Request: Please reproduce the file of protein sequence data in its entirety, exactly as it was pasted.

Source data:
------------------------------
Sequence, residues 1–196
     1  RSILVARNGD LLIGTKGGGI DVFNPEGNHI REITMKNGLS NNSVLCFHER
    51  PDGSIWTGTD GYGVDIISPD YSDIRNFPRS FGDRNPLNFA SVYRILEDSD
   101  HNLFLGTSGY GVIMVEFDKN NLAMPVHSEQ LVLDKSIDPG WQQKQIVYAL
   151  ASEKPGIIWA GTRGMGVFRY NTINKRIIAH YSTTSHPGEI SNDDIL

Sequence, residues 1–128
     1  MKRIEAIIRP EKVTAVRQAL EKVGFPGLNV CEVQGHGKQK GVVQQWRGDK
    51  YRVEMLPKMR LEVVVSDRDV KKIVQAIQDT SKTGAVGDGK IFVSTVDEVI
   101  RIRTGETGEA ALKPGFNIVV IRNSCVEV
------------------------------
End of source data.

Sequence, residues 1–196
     1  RSILVARNGD LLIGTKGGGI DVFNPEGNHI REITMKNGLS NNSVLCFHER
    51  PDGSIWTGTD GYGVDIISPD YSDIRNFPRS FGDRNPLNFA SVYRILEDSD
   101  HNLFLGTSGY GVIMVEFDKN NLAMPVHSEQ LVLDKSIDPG WQQKQIVYAL
   151  ASEKPGIIWA GTRGMGVFRY NTINKRIIAH YSTTSHPGEI SNDDIL

Sequence, residues 1–128
     1  MKRIEAIIRP EKVTAVRQAL EKVGFPGLNV CEVQGHGKQK GVVQQWRGDK
    51  YRVEMLPKMR LEVVVSDRDV KKIVQAIQDT SKTGAVGDGK IFVSTVDEVI
   101  RIRTGETGEA ALKPGFNIVV IRNSCVEV